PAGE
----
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Historic District - North in Savannah in Chatham County, Georgia — The American South (South Atlantic)
 

General Lachlan McIntosh (1727-1806)

 
 
General Lachlan McIntosh (1727-1806) Marker image. Click for full size.
Photographed By Mike Stroud, February 9, 2008
1. General Lachlan McIntosh (1727-1806) Marker
Inscription.  Lachlan McIntosh, Georgia's ranking Continental officer in the American Revolution, was the son of John Mor Mackintosh who settled with a group of Highlanders on the Altamaha in 1736. Lachlan served as a cadet in Oglethorpe’s Regiment and received part of his schooling at Bethesda. During the Colonial era he became a leading planter at Darien, accumulating a considerable property which he lost in the Revolution.

A firm supporter of American rights, McIntosh was commissioned Colonel of the first Continental regiment raised in Georgia. A feud with Button Gwinnett, Signer of the Declaration of Independence, resulted in a duel fought near Savannah, May 16, 1777.

McIntosh was transferred to Gen. Washington’s headquarters after Gwinnett’s death. He served with credit at Valley Forge and Washington, who described him as an “Officer of great worth and merit,” later gave him command of the Western Department at Fort Pitt. Returning to Georgia in 1779, Gen. McIntosh took part in the Siege of Savannah. His military career in the American Revolution, in which he shed his blood defending Georgia’s borders, terminated with his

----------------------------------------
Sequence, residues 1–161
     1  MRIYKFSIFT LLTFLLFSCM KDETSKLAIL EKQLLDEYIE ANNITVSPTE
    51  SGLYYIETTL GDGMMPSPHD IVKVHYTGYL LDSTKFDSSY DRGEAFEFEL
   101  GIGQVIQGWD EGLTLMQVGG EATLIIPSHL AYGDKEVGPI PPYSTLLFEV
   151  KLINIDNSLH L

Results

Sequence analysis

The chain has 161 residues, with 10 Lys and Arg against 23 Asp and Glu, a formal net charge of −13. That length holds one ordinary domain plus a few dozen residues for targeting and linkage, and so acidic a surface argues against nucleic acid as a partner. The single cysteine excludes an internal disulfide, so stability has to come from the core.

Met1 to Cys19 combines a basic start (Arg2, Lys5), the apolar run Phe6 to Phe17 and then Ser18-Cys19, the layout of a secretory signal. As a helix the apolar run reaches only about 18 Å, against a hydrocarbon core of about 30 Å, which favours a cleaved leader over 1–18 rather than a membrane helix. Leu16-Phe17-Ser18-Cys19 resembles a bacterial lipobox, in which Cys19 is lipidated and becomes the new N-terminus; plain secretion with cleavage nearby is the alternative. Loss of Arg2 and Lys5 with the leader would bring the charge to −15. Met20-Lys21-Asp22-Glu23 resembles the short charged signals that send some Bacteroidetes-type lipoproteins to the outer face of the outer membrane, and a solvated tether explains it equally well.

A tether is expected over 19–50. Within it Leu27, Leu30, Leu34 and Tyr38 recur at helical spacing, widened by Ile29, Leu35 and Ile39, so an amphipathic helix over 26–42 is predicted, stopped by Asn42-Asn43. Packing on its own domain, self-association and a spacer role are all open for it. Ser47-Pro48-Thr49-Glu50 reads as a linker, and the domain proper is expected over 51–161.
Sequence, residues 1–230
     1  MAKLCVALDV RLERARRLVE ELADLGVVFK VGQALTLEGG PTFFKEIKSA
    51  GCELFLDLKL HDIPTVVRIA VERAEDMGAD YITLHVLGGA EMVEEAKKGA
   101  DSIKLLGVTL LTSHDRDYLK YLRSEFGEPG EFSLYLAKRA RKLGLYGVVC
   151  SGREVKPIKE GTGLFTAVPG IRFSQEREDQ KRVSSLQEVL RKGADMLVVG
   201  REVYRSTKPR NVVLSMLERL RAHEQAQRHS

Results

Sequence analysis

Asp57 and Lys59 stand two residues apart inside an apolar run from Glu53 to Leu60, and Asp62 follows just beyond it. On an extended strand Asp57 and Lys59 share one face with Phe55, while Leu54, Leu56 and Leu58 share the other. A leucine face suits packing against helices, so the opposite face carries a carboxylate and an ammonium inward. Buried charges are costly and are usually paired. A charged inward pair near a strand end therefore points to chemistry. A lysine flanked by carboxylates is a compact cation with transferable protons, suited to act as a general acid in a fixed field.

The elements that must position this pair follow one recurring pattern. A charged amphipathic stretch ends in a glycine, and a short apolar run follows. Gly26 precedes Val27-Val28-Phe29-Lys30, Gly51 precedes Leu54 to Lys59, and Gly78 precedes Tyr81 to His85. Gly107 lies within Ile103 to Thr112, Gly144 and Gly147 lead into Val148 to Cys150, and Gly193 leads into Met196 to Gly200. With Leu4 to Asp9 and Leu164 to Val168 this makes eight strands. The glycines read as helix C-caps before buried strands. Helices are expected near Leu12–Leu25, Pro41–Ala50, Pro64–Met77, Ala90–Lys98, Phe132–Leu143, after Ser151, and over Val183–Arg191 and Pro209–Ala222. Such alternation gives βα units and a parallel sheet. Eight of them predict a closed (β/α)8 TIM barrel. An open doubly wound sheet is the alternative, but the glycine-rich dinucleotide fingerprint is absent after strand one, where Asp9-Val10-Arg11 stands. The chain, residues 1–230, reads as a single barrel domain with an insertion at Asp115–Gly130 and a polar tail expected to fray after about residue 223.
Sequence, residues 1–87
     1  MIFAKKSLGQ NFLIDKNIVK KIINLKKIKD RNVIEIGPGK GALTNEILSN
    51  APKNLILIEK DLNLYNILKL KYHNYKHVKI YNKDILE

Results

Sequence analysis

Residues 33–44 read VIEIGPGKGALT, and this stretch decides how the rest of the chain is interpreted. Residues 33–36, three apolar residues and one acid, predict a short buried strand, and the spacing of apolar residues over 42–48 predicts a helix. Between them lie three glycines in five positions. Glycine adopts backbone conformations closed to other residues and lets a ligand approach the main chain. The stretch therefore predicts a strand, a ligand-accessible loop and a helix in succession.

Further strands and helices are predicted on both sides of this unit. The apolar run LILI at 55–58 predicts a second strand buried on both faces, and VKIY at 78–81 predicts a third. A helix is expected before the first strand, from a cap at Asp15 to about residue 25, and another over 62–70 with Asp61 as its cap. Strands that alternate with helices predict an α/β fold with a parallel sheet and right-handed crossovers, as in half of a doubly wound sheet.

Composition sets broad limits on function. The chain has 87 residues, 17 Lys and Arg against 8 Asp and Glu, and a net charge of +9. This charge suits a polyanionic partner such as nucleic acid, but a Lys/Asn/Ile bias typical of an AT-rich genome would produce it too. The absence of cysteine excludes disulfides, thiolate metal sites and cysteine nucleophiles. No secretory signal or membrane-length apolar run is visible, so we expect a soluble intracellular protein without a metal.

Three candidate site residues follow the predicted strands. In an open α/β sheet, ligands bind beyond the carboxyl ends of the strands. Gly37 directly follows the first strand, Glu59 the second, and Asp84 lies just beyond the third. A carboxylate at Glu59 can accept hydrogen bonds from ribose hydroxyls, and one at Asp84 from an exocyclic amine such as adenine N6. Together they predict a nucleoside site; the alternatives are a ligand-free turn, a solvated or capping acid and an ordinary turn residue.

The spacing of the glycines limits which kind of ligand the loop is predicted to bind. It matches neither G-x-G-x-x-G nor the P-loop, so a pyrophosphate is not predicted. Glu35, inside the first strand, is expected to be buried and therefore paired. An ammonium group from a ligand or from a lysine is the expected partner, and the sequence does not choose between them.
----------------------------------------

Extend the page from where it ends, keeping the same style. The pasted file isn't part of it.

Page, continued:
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capture when Charlestown fell in 1780.

In 1784 the Continental Congress promoted McIntosh to Major General, vindicating him from his unjust suspension from command four years before as a result of representation to it by Gov. Walton. The patriot-hero lived out his remaining years at Savannah.
 
Erected 1954 by Georgia Historical Commission. (Marker Number 025-30.)
 
Topics and series. This historical marker is listed in these topic lists: Colonial EraSettlements & SettlersWar, US Revolutionary. In addition, it is included in the Georgia Historical Society series list. A significant historical date for this entry is May 16, 1914.
 
Location. 32° 4.521′ N, 81° 5.45′ W. Marker is in Savannah, Georgia, in Chatham County. It is in the Historic District - North. Marker is on Abercorn St, on the right when traveling north. Located in the Colonial Park Cemetery, Savannah, Ga. Touch for map. Marker is in this post office area: Savannah GA 31401, United States of America. Touch for directions.
 
Other nearby markers. At least 8 other markers are within walking distance of this marker. Col. James S. McIntosh (1784-1847) (here, next to this marker); Capt. Denis N. Cottineau (within shouting distance of this marker); Captain Denis Cottineau de Kerloguen (within shouting distance of this marker); Joseph Clay, Patriot (within shouting distance
General Lachlan McIntosh (1727-1806) Marker image. Click for full size.
Photographed By Mike Stroud, February 2008
2. General Lachlan McIntosh (1727-1806) Marker